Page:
Did you know that Kansas is one of only nine states that impose a fee, which Kansas courts have declared a tax, on purchasers of real estate when they take out a loan to finance that purchase? A person who has cash to purchase a home or land isn’t required to pay the tax. Additionally, borrowers who utilize government-sponsored lenders, such as Farm Credit, are not subjected to the mortgage registration tax.
In other words, the mortgage registration tax is not fairly applied to all borrowers, let alone to those who use cash to make their purchase.
In Kansas, purchasers of real estate requiring financing from a community bank, savings and loan, or credit union must pay a tax of 26 cents per $100 of indebtedness. On a typical $150,000 home loan, it adds $390 to the borrower’s closing costs. On a farm or commercial real estate purchase, it can add thousands of dollars to the borrower’s closing costs. Almost all of the tax, 25 cents per $100 borrowed, goes directly to the general fund of the county where the property is located.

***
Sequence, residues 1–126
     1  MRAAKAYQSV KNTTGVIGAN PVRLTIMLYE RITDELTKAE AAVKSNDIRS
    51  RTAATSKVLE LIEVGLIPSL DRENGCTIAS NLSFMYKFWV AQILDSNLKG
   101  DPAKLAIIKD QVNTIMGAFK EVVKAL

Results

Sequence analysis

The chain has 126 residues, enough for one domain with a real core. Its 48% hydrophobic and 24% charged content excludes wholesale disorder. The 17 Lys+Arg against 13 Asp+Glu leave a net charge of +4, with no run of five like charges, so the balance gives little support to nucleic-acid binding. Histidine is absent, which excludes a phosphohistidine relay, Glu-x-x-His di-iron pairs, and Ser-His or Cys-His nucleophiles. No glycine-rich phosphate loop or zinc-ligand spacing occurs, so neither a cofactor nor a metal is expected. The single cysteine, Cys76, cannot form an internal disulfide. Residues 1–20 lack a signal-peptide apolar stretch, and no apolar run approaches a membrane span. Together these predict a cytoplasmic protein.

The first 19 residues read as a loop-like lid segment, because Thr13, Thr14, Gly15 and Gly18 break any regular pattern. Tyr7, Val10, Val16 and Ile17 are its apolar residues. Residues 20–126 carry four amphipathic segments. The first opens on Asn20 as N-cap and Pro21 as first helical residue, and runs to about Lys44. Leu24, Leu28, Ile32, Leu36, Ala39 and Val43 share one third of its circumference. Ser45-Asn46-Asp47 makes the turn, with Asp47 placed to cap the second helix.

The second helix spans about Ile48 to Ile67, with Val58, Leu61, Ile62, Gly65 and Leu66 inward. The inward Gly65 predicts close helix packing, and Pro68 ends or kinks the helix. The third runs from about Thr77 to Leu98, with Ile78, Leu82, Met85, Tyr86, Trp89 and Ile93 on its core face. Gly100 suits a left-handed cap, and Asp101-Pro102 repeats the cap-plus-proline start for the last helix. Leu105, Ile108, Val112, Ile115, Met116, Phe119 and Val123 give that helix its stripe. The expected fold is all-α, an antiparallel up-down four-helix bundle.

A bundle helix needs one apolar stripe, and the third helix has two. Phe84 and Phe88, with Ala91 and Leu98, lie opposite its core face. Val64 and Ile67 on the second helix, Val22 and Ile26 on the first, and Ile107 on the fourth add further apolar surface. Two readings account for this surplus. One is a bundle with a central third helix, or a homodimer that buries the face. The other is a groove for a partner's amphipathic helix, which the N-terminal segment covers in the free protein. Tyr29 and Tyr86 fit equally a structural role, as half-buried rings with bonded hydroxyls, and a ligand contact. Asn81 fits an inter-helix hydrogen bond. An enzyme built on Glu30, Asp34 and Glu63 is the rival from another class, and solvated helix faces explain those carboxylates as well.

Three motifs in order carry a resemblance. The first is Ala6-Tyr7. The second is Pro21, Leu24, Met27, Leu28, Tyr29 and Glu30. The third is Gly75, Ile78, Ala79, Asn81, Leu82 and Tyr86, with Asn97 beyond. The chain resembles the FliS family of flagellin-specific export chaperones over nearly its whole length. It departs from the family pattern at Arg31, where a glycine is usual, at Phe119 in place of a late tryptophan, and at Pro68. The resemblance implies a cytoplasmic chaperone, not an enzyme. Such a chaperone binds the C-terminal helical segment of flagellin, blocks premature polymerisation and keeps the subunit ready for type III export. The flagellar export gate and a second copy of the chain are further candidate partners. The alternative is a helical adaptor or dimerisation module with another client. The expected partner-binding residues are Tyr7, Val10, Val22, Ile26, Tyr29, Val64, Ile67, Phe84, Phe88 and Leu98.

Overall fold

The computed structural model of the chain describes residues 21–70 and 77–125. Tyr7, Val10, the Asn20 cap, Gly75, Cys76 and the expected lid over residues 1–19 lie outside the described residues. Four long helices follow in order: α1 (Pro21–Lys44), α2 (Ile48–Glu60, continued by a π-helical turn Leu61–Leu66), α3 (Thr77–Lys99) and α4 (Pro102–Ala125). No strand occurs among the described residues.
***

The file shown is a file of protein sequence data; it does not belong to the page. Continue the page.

This tax singles out a small segment of the population for unfair tax treatment. It isn’t a coincidence that 41 states across the nation don’t impose this tax. A mortgage registration tax penalizes those who seek to invest in their community and grow equity for their future.
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The mortgage registration tax should not be confused with the mortgage recording fee that is also paid by the borrower. The mortgage recording fee is also payable at closing and was specifically established to cover the costs associated with recording mortgage documents. Since both are required to be paid before the mortgage is filed, a borrower essentially pays twice to record the same mortgage.
The Kansas Bankers Association is part of a coalition working to eliminate this unfair tax to bring equity to Kansas borrowers. Fair tax policy is possible, and now is the time to level the playing field for all Kansans.
FRANK A. SUELLENTROP
President and CEO